Drastic anti-terrorism measures at airports could make goodbyes even harder

Anyone who’s been to an airport will know that any member of the public can come into the check-in area,
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Anyone who’s been to an airport will know that any member of the public can come into the check-in area, they just aren’t allowed at the departure gates or in customs without a boarding pass. That could change under radical measures to stop terrorism in airports, however it would make goodbyes a lot harder.

One of the solaces of watching a loved one fly away is being able to spend some time at the airport with them before their flight leaves. You can grab a drink together or just simply be together as a family.

However recent attacks in the check-in area of the Brussels airport have meant more security measures need to be considered.

The topic was discussed at a global aviation convention on the Gold Coast, reports News Corp. Australia’s Office of Transport Security executive director Sachi Wimmer gave her thoughts on the topic: “While the aviation sector is growing and bringing tourism benefits, one thing unlikely to change is aviation will remain a terrorism target.”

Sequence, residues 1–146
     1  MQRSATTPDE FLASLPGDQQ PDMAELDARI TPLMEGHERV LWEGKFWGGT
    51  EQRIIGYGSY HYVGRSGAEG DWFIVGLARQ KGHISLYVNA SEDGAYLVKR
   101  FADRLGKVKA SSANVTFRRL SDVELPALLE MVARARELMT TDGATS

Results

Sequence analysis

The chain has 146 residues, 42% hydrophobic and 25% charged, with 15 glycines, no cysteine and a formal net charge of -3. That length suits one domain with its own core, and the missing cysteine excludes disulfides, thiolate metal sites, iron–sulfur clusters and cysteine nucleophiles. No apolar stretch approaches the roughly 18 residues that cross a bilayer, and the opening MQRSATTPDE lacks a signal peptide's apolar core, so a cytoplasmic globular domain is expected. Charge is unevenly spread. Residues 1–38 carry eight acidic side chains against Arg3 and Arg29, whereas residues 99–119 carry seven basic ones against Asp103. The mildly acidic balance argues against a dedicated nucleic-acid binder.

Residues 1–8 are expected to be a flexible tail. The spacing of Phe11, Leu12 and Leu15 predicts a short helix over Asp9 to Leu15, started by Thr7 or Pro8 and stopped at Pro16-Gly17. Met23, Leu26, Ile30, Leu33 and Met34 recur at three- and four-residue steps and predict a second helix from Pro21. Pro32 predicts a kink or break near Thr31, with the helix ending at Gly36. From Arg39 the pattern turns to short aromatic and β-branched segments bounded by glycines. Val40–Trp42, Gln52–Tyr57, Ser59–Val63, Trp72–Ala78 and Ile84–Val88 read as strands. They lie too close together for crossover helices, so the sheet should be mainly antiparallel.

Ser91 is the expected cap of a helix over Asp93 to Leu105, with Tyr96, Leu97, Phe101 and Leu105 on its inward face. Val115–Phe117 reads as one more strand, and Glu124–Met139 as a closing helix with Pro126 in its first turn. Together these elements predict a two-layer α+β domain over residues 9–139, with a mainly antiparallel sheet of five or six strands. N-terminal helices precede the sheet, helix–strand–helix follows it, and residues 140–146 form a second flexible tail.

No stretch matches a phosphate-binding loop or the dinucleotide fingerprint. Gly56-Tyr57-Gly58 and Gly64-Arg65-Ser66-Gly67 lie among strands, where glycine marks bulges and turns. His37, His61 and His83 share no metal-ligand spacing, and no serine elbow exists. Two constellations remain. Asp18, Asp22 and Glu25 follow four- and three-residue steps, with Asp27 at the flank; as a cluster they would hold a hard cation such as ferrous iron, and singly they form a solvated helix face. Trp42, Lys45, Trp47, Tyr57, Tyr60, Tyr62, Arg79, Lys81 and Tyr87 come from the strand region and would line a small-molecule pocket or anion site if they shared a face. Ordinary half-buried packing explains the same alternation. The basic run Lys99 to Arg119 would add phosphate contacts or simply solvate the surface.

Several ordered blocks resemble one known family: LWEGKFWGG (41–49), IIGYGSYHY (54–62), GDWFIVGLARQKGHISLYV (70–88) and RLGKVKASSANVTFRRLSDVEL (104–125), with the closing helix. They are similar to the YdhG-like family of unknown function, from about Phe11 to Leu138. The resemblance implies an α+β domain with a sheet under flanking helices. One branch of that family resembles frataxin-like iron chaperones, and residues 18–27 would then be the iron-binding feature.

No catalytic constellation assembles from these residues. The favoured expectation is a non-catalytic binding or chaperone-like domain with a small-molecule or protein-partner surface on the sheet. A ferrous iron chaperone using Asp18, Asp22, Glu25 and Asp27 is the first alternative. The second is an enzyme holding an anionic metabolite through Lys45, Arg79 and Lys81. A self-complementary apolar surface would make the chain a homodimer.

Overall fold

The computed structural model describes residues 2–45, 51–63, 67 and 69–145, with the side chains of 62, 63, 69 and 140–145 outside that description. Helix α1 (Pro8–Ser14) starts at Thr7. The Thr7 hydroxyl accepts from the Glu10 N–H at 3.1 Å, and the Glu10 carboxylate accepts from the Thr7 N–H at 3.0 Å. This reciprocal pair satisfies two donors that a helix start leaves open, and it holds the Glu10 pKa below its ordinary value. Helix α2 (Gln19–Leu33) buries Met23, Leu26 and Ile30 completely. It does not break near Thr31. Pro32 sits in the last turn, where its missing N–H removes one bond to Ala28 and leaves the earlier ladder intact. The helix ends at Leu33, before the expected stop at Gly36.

“We are going to struggle to harden even further unless we go to saying only passengers can enter into airports which I can’t see anyone doing”, she said.

But conference speaker Will Thickett, the blast and security leader for ARUP, said it was an idea that shouldn’t be off limits.

“Depending on what happens with the threat, I don’t think we should shut our ears to any idea and we should be looking at the positives and negatives.”

“(But) all these different views of operation are things we should be looking at — and not have the blind view we have to do it the way we have always done it.”

Gold Coast Airport CEO Marion Charlton said “The passenger farewell and welcome is such an integral part of the airport experience and we are not in a hurry to change it at the Gold Coast”.

Tell us, would this upset you if goodbyes had to be done in the carpark? Or is it better to be safe than sorry?

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